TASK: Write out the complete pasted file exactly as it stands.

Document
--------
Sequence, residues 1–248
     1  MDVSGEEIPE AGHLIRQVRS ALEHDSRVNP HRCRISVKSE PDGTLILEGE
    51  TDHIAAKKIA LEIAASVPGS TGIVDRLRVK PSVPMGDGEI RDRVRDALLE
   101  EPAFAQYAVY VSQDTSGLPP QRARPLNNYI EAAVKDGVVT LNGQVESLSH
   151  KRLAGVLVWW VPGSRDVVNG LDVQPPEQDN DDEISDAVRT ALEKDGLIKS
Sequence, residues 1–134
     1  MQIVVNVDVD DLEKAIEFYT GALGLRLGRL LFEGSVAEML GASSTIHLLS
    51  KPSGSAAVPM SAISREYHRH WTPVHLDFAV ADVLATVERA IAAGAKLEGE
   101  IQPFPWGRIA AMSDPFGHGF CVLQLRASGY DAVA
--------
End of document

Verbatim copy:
Sequence, residues 1–248
     1  MDVSGEEIPE AGHLIRQVRS ALEHDSRVNP HRCRISVKSE PDGTLILEGE
    51  TDHIAAKKIA LEIAASVPGS TGIVDRLRVK PSVPMGDGEI RDRVRDALLE
   101  EPAFAQYAVY VSQDTSGLPP QRARPLNNYI EAAVKDGVVT LNGQVESLSH
   151  KRLAGVLVWW VPGSRDVVNG LDVQPPEQDN DDEISDAVRT ALEKDGLIKS
Sequence, residues 1–134
     1  MQIVVNVDVD DLEKAIEFYT GALGLRLGRL LFEGSVAEML GASSTIHLLS
    51  KPSGSAAVPM SAISREYHRH WTPVHLDFAV ADVLATVERA IAAGAKLEGE
   101  IQPFPWGRIA AMSDPFGHGF CVLQLRASGY DAVA